Two killed in plane crash at airport

Vintage WWII aircraft goes down after takeoff

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Two people were killed when a World War II vintage P-51 Mustang aircraft crashed at 9:29 a.m. Friday on County Road 309A, north of the Durango-La Plata Airport. Enlarge photo

SHAUN STANLEY/Durango Herald

Two people were killed when a World War II vintage P-51 Mustang aircraft crashed at 9:29 a.m. Friday on County Road 309A, north of the Durango-La Plata Airport.

In an Independence Day tragedy, two people were killed Friday morning when a rare, iconic World War II fighter plane crashed near Durango-La Plata County Airport.

Sources confirmed the victims were John Earley, the plane’s owner, and his flying instructor, Michael Schlarb. Both men were in their 50s.

Contacted at home late Friday night, Monie Schlarb said “my husband died at 9:29 a.m. this morning.”

The crash took place just north of the airport on County Road 309A.

Dan Bender, La Plata County Sheriff’s Office spokesman, confirmed the accident involved a P-51 Mustang aircraft.

The aircraft belonged to Earley, a local resident and CEO of Saddle Butte Pipeline LLC in Durango. Before this crash, there were only 123 P-51 Mustangs in the United States, including Earley’s, according to the Federal Aviation Administration registry.

As of Friday evening, John’s wife, Jodi Earley, could not be contacted.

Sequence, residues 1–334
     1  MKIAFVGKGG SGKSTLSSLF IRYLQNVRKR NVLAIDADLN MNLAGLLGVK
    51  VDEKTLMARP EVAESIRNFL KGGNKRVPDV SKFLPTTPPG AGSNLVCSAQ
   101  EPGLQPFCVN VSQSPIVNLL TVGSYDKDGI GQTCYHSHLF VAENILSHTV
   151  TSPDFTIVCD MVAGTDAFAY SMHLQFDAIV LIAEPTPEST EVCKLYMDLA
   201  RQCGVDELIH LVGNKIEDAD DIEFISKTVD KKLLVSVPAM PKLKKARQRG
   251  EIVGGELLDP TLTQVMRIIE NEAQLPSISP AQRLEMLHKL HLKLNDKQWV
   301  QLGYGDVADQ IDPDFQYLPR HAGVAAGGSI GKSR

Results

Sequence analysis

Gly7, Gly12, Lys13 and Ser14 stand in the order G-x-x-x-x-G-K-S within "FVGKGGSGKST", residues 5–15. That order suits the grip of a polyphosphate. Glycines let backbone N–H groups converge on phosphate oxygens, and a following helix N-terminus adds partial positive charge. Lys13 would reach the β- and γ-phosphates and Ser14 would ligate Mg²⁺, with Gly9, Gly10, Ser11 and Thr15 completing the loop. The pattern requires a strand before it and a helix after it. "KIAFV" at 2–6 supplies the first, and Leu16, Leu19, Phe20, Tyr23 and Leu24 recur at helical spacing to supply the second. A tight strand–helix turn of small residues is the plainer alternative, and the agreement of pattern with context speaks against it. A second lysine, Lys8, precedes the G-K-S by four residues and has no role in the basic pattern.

In a Herald story about John Earley learning to fly earlier this year, Earley compared his beloved P-51 Mustang to a Stradivarius violin.

“It’s probably one of the most beautiful things man has created and formed,” Earley said.

According to the April Herald story, Earley was learning how to fly with the help of Schlarb, a longtime local flight instructor.

Bender said Friday that the plane had been taking off from Durango-La Plata County Airport when it crashed.

He said he didn’t know what had gone wrong with the plane.

“Frankly, I can’t see anything due to the nature of the wreckage,” he said.

County Road 309A will be closed indefinitely because of road damage.

The National Transportation Safety Board was notified about the deadly crash, and Bender expected NTSB investigators to arrive from Denver by 5 p.m. Friday.

“They’ll be the ones who start the investigation and do the detailed processing of the crash site,” Bender said.

He said while planes crash much less frequently than cars, such accidents are not unheard of.

“There are a lot of privately owned aircrafts flying in and out of this airport daily. It’s not unusual to see a crash,” he said.

The airport remains open with no expected closures because of the crash, airport director Kip Turner said.

Herald City Editor Shane Benjamin contributed to this report. In an earlier version of this story Monie Schlarb’s first name was misspelled. cmcallister@durangoherald.com

The P-51 Mustang is a vintage World War II fighter plane. Enlarge photo

STEVE LEWIS/Durango Herald file photo

The P-51 Mustang is a vintage World War II fighter plane.

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